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Saturday, July 4, 2020  Spokane, Washington  Est. May 19, 1883
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Coe case grows by 21 victims

The Spokane judge who will preside over rapist Kevin Coe’s civil commitment trial this fall has decided that 21 women on a state list of uncharged rape and indecent liberties accusations can be included in the trial to determine whether Coe is a violent sexual predator likely to rape again.

Among the 17 rape cases allowed to proceed, “I find, by a preponderance of the evidence, that the perpetrator was Mr. Coe,” Spokane County Superior Court Judge Kathleen M. O’Connor said in the decision released Friday.

The state is “very pleased” with O’Connor’s ruling, said Assistant Attorney General Todd Bowers, the lead attorney in the state’s case against Coe.

“This is an extremely significant ruling. She defined the universe of admissible evidence that we and Mr. Coe’s defense lawyers can use as we prepare for trial,” Bowers said Friday.

The state originally sought to introduce evidence of 44 alleged victims and retained a psychologist who said Coe was suspected of between 50 and 100 additional offenses, said Tim Trageser, Coe’s court-appointed attorney. Trageser had sought to exclude the untried cases.

The fact that O’Connor concluded the state may only introduce 17 alleged rapes and lacks sufficient evidence for the others “is significant and contradicts the myth that Mr. Coe is the ‘South Hill rapist,’ ” Trageser said.

At trial, Trageser said he will introduce evidence that many of the 17 alleged victims “did not and cannot identify Coe as the perpetrator” – and in fact originally identified other people in police lineups. Coe was acquitted of two of the offenses that will now be introduced at the civil commitment trial.

Coe, dubbed the South Hill rapist by the media after a wave of sexual assaults in Spokane starting in the 1970s, was convicted of one count of rape on Oct. 23, 1980, and served a maximum sentence at the Washington State Penitentiary. He was denied parole twice.

Coe was scheduled to be released in September 2006, but the Washington attorney general’s office moved to have him declared a sexually violent predator. Coe’s trial is scheduled to start Sept. 15.

O’Connor said she’ll allow a state expert, Dr. Robert Keppel, to present his “signature analysis” that concluded 17 of the alleged rapes were similar in method to the one rape for which Coe was convicted. Coe’s defense attorneys, Trageser and Marla Polin, will present their own expert to rebut Keppel.

O’Connor also will allow use of a state database in which Coe’s behavior and rituals were compared against thousands of other sexual assault cases. Coe’s lawyers, in their motions, have said the database is unreliable.

Coe’s civil trial is not a criminal proceeding and the rules of evidence are different. The state must establish that Coe has already been convicted of rape, suffers from an abnormality that makes it difficult for him to control his sexual urges, and show that his deviance makes him “more likely than not” to commit predatory acts of sexual violence if he’s released.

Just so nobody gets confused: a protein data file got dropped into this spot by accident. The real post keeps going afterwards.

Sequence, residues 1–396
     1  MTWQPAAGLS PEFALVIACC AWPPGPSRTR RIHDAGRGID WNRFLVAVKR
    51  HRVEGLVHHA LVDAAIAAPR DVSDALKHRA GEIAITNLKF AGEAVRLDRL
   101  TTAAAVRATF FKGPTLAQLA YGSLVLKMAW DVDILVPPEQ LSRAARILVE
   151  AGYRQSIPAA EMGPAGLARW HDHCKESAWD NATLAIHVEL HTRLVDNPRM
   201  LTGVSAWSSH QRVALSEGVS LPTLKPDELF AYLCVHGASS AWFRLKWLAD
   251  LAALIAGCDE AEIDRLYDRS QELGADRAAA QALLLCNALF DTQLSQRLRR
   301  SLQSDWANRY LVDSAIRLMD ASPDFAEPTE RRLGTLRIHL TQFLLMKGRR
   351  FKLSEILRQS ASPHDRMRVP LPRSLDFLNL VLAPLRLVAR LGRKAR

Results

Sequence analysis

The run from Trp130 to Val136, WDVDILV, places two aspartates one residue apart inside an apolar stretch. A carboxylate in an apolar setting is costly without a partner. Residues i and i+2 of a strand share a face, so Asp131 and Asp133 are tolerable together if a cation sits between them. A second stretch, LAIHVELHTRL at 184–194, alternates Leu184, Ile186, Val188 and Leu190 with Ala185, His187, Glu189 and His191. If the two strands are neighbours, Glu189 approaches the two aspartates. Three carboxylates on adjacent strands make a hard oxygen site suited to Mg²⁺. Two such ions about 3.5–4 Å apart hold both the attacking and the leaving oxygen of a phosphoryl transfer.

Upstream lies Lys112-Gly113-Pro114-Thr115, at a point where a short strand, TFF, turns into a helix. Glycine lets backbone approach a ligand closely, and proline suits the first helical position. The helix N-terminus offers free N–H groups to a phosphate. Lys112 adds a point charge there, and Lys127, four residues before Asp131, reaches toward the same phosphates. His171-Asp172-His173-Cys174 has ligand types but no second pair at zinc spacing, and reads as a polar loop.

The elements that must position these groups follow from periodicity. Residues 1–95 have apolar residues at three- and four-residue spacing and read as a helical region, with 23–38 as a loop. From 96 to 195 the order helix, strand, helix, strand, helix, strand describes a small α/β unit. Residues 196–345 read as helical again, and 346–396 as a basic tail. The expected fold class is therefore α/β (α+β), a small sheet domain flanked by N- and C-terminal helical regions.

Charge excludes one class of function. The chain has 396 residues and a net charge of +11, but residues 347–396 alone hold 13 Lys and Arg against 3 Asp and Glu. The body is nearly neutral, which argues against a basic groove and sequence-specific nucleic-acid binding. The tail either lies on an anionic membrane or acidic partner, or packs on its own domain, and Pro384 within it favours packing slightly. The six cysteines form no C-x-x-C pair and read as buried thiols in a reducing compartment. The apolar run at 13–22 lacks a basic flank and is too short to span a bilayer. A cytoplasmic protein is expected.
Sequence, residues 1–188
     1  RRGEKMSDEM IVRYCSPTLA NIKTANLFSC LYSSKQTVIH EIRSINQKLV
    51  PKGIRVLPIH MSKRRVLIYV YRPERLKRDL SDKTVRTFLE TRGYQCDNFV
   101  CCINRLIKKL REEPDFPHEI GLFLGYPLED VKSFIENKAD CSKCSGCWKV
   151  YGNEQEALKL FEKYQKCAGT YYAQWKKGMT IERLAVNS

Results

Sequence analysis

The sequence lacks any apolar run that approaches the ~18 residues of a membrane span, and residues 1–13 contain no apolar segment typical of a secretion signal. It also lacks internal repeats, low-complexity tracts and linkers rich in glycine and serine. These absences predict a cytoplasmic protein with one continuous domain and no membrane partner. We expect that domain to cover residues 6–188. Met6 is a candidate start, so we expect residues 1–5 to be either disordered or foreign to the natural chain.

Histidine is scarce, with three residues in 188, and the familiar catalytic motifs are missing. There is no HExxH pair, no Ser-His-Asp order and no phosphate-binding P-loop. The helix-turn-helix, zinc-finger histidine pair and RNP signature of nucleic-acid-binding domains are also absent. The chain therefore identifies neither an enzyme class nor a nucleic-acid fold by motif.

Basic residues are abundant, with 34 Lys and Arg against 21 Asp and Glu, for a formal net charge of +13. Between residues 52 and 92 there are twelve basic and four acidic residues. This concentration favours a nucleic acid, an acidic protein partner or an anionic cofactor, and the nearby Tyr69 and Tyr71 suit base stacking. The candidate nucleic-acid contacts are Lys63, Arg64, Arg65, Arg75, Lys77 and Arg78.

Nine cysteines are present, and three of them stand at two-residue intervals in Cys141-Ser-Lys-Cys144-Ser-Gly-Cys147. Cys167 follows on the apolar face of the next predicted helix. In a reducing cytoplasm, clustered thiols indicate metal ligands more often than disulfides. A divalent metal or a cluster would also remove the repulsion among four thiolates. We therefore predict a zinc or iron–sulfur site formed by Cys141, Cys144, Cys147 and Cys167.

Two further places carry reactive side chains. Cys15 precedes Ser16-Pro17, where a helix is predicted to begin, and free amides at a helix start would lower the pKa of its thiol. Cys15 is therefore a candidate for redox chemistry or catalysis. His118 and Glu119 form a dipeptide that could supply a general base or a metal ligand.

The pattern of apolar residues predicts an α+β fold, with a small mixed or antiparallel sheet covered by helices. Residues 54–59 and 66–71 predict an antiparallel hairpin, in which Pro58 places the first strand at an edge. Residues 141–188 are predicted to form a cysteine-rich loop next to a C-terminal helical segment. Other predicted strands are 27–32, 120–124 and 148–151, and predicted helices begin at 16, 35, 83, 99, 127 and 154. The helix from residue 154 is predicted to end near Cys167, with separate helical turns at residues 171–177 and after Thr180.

The rules governing civil commitment trials allow the use of testimony from some prior victims so a jury can weigh Coe’s propensity for future violence, O’Connor noted.

O’Connor omitted one woman raped on May 12, 1980, who was unable to identify her attacker and whose rape doesn’t fit the state’s “signature analysis.”

O’Connor also ruled on the scope of what state expert Dr. Amy Phenix, a California psychologist, can present during the trial. Coe’s defense lawyers had sought to bar her from relying on untried sexual offenses that weren’t rapes.

Phenix and Trageser tangled last year over the questioning of Coe about the uncharged offenses for her psychological analysis, and O’Connor temporarily found Trageser in contempt of court until Phenix finished her report.

According to court records, Phenix diagnosed Coe as suffering from four mental abnormalities that cause him to have anti-social personality disorders and tend to make him aroused by forced sexual contact.

O’Connor ruled Phenix may include four of six people who accused Coe of indecent liberties – including a high school student who met Coe at a school dance in Spokane in 1966 and asked him to drive her home.

According to court records, the girl said Coe didn’t rape her, but he parked his car and got on top of her, shaking violently as he pinned her to the seat. She got his license plate number, which police traced to a car owned by the late Gordon H. Coe, Coe’s father and the editor of the Spokane Daily Chronicle. No charges were filed in the case.

Among the two cases O’Connor disallowed was an allegation of childhood sexual abuse. “C.M.” was a second-grader when he lived with Coe and his former wife in Las Vegas in 1975 and 1976. He told his grandmother about the alleged abuse after Coe was arrested for the South Hill rapes, court records say.

The exclusion of his case is significant, Trageser said, because Coe is not diagnosed as being a pedophile.

There were originally 44 people on the state’s potential witness list from the incidents alleged to have occurred more than a quarter century ago, but some could not be located or have died, Bowers said.

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